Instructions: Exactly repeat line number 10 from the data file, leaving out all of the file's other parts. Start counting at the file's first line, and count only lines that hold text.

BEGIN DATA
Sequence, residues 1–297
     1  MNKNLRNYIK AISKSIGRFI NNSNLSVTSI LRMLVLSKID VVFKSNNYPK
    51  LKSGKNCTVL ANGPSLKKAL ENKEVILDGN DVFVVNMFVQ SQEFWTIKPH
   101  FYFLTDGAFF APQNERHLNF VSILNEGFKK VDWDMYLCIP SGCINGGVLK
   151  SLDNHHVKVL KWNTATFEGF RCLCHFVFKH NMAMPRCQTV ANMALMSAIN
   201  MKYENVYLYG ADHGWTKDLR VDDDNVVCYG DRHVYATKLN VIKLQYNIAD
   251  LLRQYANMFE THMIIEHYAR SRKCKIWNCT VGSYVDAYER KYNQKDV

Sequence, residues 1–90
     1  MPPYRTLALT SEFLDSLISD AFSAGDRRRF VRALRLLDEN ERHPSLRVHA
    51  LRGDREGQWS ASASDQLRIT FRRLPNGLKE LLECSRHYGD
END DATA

    51  LRGDREGQWS ASASDQLRIT FRRLPNGLKE LLECSRHYGD